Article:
Wednesday, July 04, 2012

A lesser 'Legends' at Foxwoods this time

MASHANTUCKET -- "Legends in Concert" is back for a new season at Foxwoods Resort Casino, with seven performances of the Las Vegas-style show slated weekly through the summer travel season, and while the current version offers some crisp sound, good old tunes and requisite flash, the tiny crowd on July Fourth's eve may be evidence the show doesn't measure up to past versions here. 
Again the show is led by young Tyler Hunter of Lincoln, Neb., who does a serviceable young Elvis Presley. But he's not able to carry an entire show, and the first part of the 2012 "Legends" at Foxwoods has some holes. The set is dull, the guy playing Michael Jackson doesn't measure up to the wonderful Damian Brantley who was Michael last year, and the dancers aren't as, well, uniformly effective despite a professional effort.
The franchise show is back for a sixth season at the sprawling casino resort, which was noticeably spare in attendance all over this night, certainly not representative of weekends when crowds can fill the gaming and even some restaurant venues.
Being a franchise (seen nightly in Las Vegas, Branson, Mo., and Myrtle Beach), "Legends" will swap out performers and acts, so this show will likely get better as the summer progresses (August brings Whitney Houston, Shania Twain and Lady Gaga, although that doesn't sound better to me. Where's Dean Martin, where's Sinatra?).
This night, for instance, was supposed to feature Ray Charles, and the guy doing John Belushi in the Blues Brothers act even mentioned that Ray would be out later. But there was no Ray Charles. Instead, it looked like Foxwoods regular Terry Forsythe motored in to do his always-sharp Stevie Wonder.
The Blues Brothers were a pleasant surprise, outdoing the version you'll see at Universal Studios in Florida. Of course, it's pretty odd to have guys impersonating blues "legends" who weren't blues legends in the first place. They were characters in a movie portraying guys who once sang the blues.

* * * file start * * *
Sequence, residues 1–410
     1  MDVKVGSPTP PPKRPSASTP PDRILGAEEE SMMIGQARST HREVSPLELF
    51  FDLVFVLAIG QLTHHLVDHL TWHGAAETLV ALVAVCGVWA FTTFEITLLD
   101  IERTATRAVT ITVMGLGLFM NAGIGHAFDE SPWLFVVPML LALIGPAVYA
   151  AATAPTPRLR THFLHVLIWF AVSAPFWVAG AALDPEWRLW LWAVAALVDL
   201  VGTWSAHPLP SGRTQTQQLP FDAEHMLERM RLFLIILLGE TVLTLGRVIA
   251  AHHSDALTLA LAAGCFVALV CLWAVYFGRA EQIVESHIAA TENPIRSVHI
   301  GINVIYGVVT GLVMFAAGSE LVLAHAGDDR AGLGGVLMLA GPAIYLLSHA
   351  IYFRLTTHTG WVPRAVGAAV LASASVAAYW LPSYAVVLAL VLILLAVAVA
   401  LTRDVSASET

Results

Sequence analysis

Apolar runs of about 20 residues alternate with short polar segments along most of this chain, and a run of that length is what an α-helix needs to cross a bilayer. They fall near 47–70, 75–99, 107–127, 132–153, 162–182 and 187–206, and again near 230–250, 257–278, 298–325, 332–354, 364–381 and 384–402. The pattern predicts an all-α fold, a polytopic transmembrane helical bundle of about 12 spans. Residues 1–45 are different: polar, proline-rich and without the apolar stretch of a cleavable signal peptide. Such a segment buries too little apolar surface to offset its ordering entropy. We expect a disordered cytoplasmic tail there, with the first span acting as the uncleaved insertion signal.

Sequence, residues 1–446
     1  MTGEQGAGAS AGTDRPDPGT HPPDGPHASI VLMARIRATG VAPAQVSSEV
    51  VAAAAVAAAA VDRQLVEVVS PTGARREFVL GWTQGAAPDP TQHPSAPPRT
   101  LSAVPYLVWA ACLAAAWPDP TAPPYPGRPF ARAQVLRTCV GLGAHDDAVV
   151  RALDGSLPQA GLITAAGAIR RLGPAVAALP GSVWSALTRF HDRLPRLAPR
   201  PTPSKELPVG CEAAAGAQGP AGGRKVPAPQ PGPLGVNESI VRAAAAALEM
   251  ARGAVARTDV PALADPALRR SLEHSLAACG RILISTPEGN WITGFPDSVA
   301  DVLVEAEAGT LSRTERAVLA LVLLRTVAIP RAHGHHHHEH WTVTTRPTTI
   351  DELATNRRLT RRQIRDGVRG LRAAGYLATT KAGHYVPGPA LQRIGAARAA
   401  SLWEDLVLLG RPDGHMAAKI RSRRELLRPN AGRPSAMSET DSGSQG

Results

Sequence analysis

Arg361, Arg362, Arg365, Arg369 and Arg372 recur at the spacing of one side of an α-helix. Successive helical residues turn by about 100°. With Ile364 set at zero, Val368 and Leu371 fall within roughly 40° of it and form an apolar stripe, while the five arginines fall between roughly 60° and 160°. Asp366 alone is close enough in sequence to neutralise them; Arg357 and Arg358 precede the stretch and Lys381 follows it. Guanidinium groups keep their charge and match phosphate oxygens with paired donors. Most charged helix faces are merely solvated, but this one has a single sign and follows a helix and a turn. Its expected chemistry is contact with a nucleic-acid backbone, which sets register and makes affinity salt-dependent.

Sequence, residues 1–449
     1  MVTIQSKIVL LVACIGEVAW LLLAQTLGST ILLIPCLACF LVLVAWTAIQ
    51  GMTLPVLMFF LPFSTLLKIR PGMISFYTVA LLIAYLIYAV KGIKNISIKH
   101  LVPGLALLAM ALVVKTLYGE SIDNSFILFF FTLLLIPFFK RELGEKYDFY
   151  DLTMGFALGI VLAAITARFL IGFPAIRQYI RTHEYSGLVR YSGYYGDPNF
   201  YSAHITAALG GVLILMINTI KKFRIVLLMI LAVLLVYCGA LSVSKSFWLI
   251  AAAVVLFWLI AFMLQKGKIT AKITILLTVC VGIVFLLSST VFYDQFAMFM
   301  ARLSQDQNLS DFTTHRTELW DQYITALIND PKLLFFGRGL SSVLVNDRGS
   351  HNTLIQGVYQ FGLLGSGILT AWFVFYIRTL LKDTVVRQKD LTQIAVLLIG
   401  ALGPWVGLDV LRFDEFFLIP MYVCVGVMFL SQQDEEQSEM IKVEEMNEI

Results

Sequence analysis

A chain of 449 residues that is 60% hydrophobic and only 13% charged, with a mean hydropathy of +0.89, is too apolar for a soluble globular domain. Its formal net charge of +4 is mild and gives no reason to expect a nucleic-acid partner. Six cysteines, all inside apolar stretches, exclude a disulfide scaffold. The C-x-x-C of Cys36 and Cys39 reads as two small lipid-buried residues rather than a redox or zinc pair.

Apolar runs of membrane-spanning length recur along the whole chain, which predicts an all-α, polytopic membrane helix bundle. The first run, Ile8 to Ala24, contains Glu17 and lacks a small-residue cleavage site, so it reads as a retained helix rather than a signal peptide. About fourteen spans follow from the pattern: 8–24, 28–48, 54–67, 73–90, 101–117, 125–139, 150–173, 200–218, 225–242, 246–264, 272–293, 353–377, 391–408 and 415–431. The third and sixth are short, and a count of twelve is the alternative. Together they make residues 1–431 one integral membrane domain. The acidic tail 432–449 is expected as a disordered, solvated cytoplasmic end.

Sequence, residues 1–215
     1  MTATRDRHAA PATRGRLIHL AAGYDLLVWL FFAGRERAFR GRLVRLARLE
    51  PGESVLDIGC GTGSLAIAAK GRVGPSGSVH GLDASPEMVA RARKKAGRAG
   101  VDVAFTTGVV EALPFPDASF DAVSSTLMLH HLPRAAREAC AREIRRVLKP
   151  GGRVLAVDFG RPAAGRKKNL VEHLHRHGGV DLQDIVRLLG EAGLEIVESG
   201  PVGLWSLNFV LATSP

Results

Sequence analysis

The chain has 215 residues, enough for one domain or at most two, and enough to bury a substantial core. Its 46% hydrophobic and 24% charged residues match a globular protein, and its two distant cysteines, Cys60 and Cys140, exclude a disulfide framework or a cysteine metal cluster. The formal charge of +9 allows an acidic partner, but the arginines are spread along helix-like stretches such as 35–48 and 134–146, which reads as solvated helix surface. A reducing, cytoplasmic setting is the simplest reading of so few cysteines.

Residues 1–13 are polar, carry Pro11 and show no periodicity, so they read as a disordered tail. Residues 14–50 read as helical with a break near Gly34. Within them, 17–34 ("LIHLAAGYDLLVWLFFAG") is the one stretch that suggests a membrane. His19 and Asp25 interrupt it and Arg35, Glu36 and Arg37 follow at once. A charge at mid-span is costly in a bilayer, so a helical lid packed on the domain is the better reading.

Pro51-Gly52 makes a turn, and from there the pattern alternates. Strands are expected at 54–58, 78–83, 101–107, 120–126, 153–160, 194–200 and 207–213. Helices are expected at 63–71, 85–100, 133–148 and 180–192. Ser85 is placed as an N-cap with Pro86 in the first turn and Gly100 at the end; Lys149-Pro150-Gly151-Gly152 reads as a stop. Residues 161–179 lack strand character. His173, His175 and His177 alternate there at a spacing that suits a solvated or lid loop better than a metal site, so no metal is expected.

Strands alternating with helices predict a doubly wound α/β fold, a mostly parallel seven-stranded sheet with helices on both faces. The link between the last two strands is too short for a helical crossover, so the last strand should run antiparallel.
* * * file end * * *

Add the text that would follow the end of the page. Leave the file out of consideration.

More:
Celine Dion ( another Foxwoods veteran, Brigitte Valdez) does a decent job, but you may need to be a Dion fan to appreciate anything other than "My Heart Will Go On." The 70-minute show will run you a modest $30.
Update: As you can see in the comment below, "Legends" still runs a professional show, moving different performers in from other locations.  The sound and theater are top-notch, too, of course. And now (in August), a new group of performers is doing working the venue. (Hunter was replaced as Elvis after his arrest for leaving his young children unattended in a hotel room at the resort early in the July run, as you may recall.).

1 comment:

Anonymous said...

Hi I was just reading your article and I must dissagree. My friends and I went to see the legends in concert just today and we had a wonderful time. First to come on was Stevie Wonder and he was amazing. Shania Twain came up next and althoug at first she didn't sound like her as she went on it was hard to tell it wasn't her. lady Gaga was next and although i don't really get her she did sound the same as on the radio. Michael Jackson came on and although he didn't look or sometimes sound like Michael he did have the right moves. When Whitney Huston came on I was amazed at how much she really sounded and acted like the real person and at how nice it was to her her songs being sung by someone who sounds like her. Elvis was last and I know the story about the Elvis you say when you went to the show he was really young. The Elvis we saw was incrediable. We actually sat in back of his soon to be wife and she knew all the moves he made while he was onstage and it was so cool to watch them both. He sounded and looked just like the real thing. Noone will ever look excally like the real thing unless its and identical twin or the actual person and we as comsumers should have more of an open mind when gracing their presence at a concert. I hope that you will go see the show again and maybe see something you may have missed. By the way we loved the dancers they were on key the who show and they were the only people besides the band who didn't move much who was in the show from beginning to end. I raise my glass to them, you might say they worked harder then impersonators did. I thank you for letting me let you know how my experience went.